Posted tagged ‘class action’

Vincent—not e-mail but junk mail

November 27, 2007

Gov. Matt Blunt recently tapped Missouri Department of Revenue head, Trish Vincent, as his chief of staff, after letting Ed Martin go in “…you’re doing a heckuva of a job, Brownie…” style.
The e-mail debacle aside, Vincent is the one who brought you more junk mail—slick fliers with your vehicle renewal notices beginning last year. It’s the story the Headliner published Sept. 20, 2006.
Under Vincent’s leadership the DOR launched the private-public partnership with Imagitas, Inc., a subsidiary of Pitney Bowes, to print motor vehicle renewal forms at no cost to the state in exchange for the right to advertise to millions of people in Missouri.
It was all done to save money—about a half million in 2006 out of a $86-million budget, she said.
But the move did not go unnoticed by some astute consumers, resenting the state selling their addresses to the direct-marketing firm and thereby violating the federal Drivers’ Privacy Protection Act. Missouri is one of a number of states participating in a class-action suit against Pitney-Bowes.
A quick Google of Imagitas found this news story from 2006.
“Pitney Bowes has changed course radically in trying to defend one of its companies, Imagitas. Imagitas, facing a national class action suit for violation of driver’s privacy rights in six states, has now withdrawn a motion for summary judgment that claimed they had not violated the law. They have announced that, instead, they will file a motion for a multi-district litigation (MDL) to handle the violations of the Drivers’ Privacy Protection Act (DPPA). A violation of the DPPA invokes a penalty of $2500 per incident.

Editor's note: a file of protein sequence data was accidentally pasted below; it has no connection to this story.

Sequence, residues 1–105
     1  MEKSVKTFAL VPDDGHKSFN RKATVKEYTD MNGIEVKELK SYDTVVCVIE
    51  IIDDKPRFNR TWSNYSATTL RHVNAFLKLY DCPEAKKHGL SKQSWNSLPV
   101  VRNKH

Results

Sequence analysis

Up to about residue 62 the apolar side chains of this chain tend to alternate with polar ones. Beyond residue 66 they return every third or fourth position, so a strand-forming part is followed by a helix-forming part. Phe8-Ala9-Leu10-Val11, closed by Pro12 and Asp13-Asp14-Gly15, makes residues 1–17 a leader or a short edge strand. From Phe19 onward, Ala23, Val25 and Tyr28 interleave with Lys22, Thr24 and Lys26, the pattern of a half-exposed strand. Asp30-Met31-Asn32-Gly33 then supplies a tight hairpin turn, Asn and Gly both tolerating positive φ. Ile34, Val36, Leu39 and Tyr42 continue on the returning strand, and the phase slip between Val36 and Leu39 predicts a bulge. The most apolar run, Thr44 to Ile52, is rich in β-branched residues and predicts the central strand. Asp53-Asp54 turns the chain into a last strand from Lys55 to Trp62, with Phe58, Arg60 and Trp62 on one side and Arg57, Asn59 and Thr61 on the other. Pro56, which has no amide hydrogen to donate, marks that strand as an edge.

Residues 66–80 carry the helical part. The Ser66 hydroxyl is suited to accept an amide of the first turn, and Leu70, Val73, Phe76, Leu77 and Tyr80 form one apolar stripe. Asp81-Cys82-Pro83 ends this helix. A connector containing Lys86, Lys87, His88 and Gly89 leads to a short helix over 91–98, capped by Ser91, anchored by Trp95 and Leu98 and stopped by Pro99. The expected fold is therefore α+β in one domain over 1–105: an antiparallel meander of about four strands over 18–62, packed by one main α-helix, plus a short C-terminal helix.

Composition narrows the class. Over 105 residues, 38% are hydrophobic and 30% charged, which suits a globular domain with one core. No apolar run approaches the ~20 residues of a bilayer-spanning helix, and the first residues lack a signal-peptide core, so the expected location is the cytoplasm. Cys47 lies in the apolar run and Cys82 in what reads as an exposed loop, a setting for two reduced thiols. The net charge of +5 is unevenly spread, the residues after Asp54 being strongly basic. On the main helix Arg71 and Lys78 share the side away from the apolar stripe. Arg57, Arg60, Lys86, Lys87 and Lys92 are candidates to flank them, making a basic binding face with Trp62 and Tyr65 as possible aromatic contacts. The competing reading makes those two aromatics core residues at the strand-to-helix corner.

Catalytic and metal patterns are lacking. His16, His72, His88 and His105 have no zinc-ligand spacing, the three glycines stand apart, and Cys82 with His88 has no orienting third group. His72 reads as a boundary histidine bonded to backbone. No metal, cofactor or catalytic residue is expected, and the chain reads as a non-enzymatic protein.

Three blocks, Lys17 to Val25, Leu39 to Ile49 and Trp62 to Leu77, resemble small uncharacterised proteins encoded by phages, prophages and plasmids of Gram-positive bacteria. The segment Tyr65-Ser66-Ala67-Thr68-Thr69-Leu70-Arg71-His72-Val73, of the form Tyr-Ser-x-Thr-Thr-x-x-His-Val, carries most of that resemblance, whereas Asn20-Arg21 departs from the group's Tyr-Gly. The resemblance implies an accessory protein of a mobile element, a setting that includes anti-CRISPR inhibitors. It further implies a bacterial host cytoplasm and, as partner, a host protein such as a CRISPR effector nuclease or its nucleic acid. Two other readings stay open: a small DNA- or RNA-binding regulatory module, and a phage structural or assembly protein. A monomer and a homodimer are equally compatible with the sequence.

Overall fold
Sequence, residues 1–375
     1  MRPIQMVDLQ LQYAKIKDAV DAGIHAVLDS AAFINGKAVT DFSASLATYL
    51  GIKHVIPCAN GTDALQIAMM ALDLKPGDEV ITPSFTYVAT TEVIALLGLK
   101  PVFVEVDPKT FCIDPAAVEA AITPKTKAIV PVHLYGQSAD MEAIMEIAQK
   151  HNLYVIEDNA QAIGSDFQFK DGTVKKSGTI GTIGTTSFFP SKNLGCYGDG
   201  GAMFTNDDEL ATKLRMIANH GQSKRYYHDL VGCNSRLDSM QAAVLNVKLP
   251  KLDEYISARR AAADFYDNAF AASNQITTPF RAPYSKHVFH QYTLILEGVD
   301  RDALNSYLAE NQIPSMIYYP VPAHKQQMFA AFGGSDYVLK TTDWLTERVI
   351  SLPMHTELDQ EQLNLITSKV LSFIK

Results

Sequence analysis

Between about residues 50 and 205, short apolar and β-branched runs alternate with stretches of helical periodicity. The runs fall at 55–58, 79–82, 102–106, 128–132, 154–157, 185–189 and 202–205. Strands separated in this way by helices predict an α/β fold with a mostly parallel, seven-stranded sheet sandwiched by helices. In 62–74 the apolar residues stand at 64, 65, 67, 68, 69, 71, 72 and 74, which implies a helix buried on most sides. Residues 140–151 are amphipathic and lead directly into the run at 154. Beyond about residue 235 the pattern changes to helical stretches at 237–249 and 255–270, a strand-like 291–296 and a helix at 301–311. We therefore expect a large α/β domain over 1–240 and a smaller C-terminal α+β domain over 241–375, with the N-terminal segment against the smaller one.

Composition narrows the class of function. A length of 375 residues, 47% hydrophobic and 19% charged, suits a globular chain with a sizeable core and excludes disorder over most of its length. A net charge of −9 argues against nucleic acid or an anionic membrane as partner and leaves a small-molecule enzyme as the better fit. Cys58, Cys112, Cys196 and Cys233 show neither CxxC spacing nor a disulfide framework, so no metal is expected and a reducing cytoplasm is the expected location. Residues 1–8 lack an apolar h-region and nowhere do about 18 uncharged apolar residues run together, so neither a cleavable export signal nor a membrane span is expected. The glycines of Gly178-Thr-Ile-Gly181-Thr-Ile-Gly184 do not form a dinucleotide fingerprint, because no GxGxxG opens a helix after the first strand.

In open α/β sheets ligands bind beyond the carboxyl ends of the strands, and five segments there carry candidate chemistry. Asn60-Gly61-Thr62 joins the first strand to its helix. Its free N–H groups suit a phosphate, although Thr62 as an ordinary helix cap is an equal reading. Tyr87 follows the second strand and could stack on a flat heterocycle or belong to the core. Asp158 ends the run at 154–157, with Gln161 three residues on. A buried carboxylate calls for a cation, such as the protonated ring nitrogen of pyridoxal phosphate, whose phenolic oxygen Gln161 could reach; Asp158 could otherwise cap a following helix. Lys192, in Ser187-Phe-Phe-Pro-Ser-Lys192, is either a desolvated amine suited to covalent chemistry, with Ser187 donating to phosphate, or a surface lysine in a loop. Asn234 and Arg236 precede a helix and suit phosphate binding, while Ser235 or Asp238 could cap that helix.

“We estimate that Pitney Bowes has affected about 22 million people by this violation,” said Norwood “Woody” Wilner of the Jacksonville-based trial firm Spohrer Wilner, and lead attorney in the class action suit against Imagitas. Wilner’s comments were made during a meeting of lead plaintiff lawyers from the six states where the Pitney Bowes Company did business. Imagitas targeted drivers in six states: Florida, Ohio, Missouri, Michigan, New York and Minnesota with commercial solicitations in envelopes containing vehicle registration.
Wilner, who lead the first successful tobacco litigation, says the arrogance of a company to ignore privacy laws reminds him the early days of tobacco litigation. “Despite explicit Federal Law, we have a company who is trying to work the system. This is unacceptable in the age of privacy,” said Wilner. “The DPPA was created to protect drivers from privacy invasion. Pitney Bowes has reversed course after their lawyers worked with the court to set a hearing date in February.”
Wilner, a native of Miami Beach, Florida, became internationally famous for his successful campaign against the tobacco industry. Mr. Wilner and his team won the groundbreaking case, Carter v. Brown and Williamson, which resulted in the first verdict against the tobacco industry to be affirmed on appeal, involving both the Florida Supreme Court and the United States Supreme Court.”
Since that time, Missouri has come on board.
A news report from the Boston Business Journal titled: “Pitney Bowes’ unit faces suit over junk mail info” had this to say in part:
“ ‘It’s a real win-win for the state of Missouri,” said Maura Browning, a spokeswoman for the Missouri Department of Revenue.
Aside from the lawsuits, Browning said the only complaints the state has received came from some insurance agents who were miffed when they saw ads for State Farm insurance included with the auto registration information.”
One of those “miffed” insurance agents was Ozark’s Teresa Christensen.
“I was rather insulted by it,” the Shelter Insurance agent said. “This is a taxpayer supported entity of the government. It looked like the state was endorsing that particular company and some people will take it that way.”
And, in spite of what the DOR and Imagitas say, the states involved in this scheme are selling residents’ personal information to a direct marketing firm for profit and getting a cut of the action.